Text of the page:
At least 400 total yards were gained in every game this season. When Nick Foles threw 7 touchdowns against the Raiders, Oakland actually out-gained Philadelphia, and the two teams combined for a season-high 1,102 yards that day. On the other end of the spectrum was San Francisco/Carolina I, when the two teams combined for just 401 yards. That first game was essentially the NFL’s version of LSU/Alabama, and I don’t think the rematch will be very different.
When these two teams take the field on Sunday, the opponent will feel familiar for a couple of reasons. One, of course, is because of the week ten match-up. But these teams are also mirror images of each other. Consider:
- Each team is led by a young quarterback with a rocket arm and an unfair amount of athleticism. Colin Kaepernick and Cam Newton might be the two best running quarterbacks in the league, at least until Robert Griffin III fully recovers, but both are more than capable passers, too. Over the last two years, Kaepernick and Newton rank 4th and 6th in yards per attempt among all quarterbacks with 600 pass attempts.
- Only three running backs in 2013 were 30 years or older and rushed for at least 800 yards. Frank Gore, DeAngelo Williams, and Fred Jackson.
- Only four teams gave 500 snaps to fullbacks this year: Carolina, with Mike Tolbert and Richie Brockel, and San Francisco (with Will Tukuafu taking over after the season-ending injury to Bruce Miller) were two of those teams.
- Among wide receivers age 33 and older, the two leaders in receiving yards in 2013 were Anquan Boldin and Steve Smith.
- Over the last two seasons, Vernon Davis is second in receiving touchdowns by a tight end. Over the last two seasons, Greg Olsen is fourth in both receptions and receiving yards by a tight end.
- Each team has a dominant edge rusher that attacks the quarterback’s blind side. San Francisco’s Aldon Smith and Carolina’s Greg Hardy both rank in the top five in sacks from 2012-2013. But both teams bring pressure from the other side, too: Ahmad Brooks had 8.5 sacks and made the Pro Bowl for San Francisco, while Charles Johnson picked up 11.0 sacks for Carolina.
- There’s a whole lot of beef in the middle, too. For San Francisco, Justin Smith, Ray McDonald, and a revitalized Glenn Dorsey clog up running lanes and tie up blockers for Smith and Brooks. For the Panthers, the drafting of Star Lotulelei and Kawann Short provided the starkest contrast between this year’s team compared to the 2012 edition.
- Despite a wealth of talent just described in the front 7, the stars of both defenses are undoubtedly the inside linebackers. This is where one area where 49ers have an edge, if only because they have two of them. Patrick Willis, NaVorro Bowman, and Luke Kuechly have all been legitimate defensive player of the year candidates at some point in the last two years.
In fact, these teams are so similar that it probably makes more sense to just focus on the differences. I see three big ones, and all point in one direction.
The third weapon: Each team boasts a great combination at wide receiver and tight end, but the 49ers played most of the season without Michael Crabtree. Now that the greatest catcher is back, the 49ers now have the passing advantage. Brandon LaFell and Ted Ginn can’t compare to Crabtree, who at times appears to be the best player on the field. And while the Panthers beat the 49ers in the regular season, the San Francisco passing offense was without not just Crabtree, but Davis, who missed most of the game with a concussion.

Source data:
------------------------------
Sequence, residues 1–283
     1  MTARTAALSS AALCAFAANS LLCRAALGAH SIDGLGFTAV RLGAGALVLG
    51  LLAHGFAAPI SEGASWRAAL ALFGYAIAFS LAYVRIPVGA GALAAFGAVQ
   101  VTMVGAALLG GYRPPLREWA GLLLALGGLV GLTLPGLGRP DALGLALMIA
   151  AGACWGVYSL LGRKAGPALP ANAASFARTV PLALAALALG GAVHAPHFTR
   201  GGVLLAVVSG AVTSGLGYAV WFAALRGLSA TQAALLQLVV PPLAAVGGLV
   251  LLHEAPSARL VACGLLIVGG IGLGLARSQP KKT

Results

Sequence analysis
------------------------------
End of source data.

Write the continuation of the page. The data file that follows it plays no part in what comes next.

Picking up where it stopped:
The Secondary: Just because the words came out of Santonio Holmes’ mouth doesn’t make them false: the Panthers secondary is the team’s weak spot. That doesn’t mean it’s bad — cornerbacks Captain Munnerlyn, Melvin White and Drayton Florence are probably average players at their respective positions, and safeties Michael Mitchell and Quintin Mikell both have their good days. But the group will have their hands full trying to shut down Boldin, Davis and Crabtree while also loading the box to stop Gore and Kaepernick. The first time around, none of San Francisco’s final 12 drives went more than 17 yards. Regression to the mean will prevent that from happening again, but the absence of Davis and Crabtree was a significant factor in week ten.
The 49ers secondary is better on paper, although injuries have depleted the unit. The best cover corner, Chris Culliver, missed the entire season with a torn ACL, while Carlos Rogers is questionable for Sunday with the hamstring injury that caused him to miss the game against Green Bay.
But even if Rogers can’t play, Tarell Brown and Tramaine Brock (with Perrish Cox at nickel) still give the 49ers a pair of solid cornerbacks. If Rogers can play, I suspect he can hold his own against a similarly gimpy Steve Smith, leaving Brown and Brock to contend with LaFell and Ginn. The other big advantage for the 49ers is at safety: Donte Whitner and Eric Reid have both lived up to their first round billing.
Coaching: Despite the joy of watching Ron Rivera morph into Riverboat Ron, the advantage here still belongs to Jim Harbaugh. Both coaches have made some excellent 4th down decisions this year: Carolina went 10 of 13, while the 49ers hit on 7 of 11 tries. But Harbaugh may be the 2nd best coach in the NFL and has proven his playoff mettle, which gives the team the coaching advantage – for now.
To be fair, as Bill Barnwell pointed out, it was Harbaugh’s conservative coaching that arguably swung the first game: already up 6-0, he chose to kick a field goal on 4th-and-1 at the two yard line, and the 49ers ultimately lost 10-9. Still, I have more faith in Harbaugh in a close game than I do Rivera. In fact, as much as I have enjoyed the 2013 season of Riverboat Ron, it wouldn’t surprise me if he reverted to his 2012 ways with the stakes at their highest.
Prediction: San Francisco 20, Carolina 17